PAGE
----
First, striking a regional deal with Iran, Assad's protector, sponsor and lifeline; and second, protecting Israel against any weapon of mass destruction that may fall in the hands of groups that—unlike Assad—may truly threaten its existence.

Thus, since any deal with Iran necessitated going back on all calls for Assad to go, Washington ignored all its previous ''red lines''. Furthermore, the only practical reaction to the Ghouta chemical massacre was convincing Assad to hand over ''most of'' his chemical arsenal. This step was helpful both in reassuring Israel, and giving the Syrian dictator the green light to commit as many massacres as he pleases, while the US was working with Russia, Iran and China, to rehabilitate him, and accept him as a partner in the global war against ISIS!

As the fight for votes on the Iran nuclear deal intensifies in the US Congress, President Obama is using all means available in tempting and pressuring US lawmakers. After making clear that he would stick to the deal even if Congress voted against it—surely his opponents would not muster the two-thirds majority needed to kill off the White House veto—Obama announced las week in a letter to a Congressional Democrat ''that the United States would unilaterally maintain economic pressure and deploy military options if needed to deter Iranian aggression.''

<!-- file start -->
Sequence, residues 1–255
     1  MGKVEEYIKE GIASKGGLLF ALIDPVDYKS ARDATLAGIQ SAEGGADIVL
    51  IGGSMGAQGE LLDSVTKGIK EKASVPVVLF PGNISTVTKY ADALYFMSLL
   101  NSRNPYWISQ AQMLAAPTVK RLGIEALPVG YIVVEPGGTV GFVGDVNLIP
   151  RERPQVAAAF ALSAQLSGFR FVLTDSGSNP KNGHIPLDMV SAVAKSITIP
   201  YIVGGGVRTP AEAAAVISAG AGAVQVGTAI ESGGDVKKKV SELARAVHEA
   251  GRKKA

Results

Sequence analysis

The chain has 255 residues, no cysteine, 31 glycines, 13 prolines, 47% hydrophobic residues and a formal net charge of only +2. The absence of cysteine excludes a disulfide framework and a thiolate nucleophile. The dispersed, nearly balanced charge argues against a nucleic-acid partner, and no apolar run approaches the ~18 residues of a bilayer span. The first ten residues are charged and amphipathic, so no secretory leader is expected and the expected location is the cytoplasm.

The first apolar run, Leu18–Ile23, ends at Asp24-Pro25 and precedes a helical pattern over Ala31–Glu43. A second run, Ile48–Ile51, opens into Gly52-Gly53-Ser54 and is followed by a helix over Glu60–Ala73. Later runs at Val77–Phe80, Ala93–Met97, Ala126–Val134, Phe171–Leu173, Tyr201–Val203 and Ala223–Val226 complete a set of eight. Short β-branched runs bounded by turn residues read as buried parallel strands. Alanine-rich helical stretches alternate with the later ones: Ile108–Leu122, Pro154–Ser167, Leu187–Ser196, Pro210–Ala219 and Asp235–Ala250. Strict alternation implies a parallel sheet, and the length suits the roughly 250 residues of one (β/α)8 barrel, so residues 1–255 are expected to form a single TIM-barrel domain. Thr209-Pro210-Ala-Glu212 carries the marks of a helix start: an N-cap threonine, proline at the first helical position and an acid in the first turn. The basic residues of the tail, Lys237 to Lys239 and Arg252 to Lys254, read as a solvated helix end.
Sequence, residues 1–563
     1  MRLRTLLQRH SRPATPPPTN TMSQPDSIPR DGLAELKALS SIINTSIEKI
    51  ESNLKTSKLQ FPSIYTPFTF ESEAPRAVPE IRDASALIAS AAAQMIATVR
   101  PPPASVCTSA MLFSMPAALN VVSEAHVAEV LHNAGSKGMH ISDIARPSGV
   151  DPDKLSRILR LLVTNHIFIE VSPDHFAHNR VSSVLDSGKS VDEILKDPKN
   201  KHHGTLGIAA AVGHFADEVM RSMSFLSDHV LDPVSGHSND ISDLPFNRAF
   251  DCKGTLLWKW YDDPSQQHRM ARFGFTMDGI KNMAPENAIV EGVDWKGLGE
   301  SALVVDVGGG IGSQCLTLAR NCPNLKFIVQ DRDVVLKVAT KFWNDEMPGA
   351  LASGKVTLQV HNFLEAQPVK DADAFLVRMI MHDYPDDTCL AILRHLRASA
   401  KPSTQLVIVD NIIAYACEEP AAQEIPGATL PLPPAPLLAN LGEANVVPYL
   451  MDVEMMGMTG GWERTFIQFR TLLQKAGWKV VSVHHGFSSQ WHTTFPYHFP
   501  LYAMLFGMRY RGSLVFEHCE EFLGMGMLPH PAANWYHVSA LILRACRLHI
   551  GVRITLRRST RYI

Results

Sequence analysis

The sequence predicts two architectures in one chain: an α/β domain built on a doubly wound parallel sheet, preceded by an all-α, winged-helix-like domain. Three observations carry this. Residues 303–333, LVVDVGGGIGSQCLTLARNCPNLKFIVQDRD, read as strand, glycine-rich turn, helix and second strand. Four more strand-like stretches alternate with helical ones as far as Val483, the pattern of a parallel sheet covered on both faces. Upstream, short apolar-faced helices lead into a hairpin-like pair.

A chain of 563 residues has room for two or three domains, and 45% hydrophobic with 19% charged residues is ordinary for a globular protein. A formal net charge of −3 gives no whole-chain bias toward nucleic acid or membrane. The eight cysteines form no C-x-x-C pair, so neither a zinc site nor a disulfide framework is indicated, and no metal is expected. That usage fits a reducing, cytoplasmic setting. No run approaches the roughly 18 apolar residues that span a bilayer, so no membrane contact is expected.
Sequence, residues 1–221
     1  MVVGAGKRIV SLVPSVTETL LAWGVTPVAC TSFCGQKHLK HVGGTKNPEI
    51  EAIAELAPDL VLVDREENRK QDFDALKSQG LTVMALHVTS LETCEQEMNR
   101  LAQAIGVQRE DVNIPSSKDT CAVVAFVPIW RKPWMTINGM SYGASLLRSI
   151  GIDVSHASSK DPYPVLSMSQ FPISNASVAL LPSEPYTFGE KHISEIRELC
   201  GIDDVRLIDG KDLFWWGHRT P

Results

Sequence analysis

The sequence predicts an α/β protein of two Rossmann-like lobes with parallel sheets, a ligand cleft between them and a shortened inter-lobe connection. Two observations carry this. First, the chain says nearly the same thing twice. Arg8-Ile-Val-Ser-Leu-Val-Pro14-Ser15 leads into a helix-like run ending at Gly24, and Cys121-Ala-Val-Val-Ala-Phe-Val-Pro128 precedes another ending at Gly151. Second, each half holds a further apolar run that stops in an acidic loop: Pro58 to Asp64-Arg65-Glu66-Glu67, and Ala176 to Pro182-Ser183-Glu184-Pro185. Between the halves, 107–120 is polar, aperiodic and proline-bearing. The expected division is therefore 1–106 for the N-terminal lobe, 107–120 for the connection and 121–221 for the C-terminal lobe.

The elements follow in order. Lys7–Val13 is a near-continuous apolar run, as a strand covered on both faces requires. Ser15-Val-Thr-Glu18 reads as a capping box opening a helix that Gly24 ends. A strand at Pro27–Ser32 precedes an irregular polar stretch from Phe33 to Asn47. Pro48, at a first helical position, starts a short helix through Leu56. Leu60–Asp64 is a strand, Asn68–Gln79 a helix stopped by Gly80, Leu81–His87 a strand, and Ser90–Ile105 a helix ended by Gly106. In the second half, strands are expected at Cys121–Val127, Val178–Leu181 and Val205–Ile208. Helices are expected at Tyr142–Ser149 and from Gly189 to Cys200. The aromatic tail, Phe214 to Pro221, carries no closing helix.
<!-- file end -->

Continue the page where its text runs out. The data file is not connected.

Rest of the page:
Such words in the present time sound very much like the ''red lines'' ridiculed and killed off by the Ghouta chemical attacks. They do not differ much from the White House's futile attempts to reassure the Gulf Cooperation Council (GCC) countries while the dimensions of the Iranian regional aggression unfold day by day—even before international sanctions against Iran are lifted—and the plan for sectarian cleansing, ethnic partitioning, and redrawing of maps gathers pace in Iraq, Syria and Lebanon.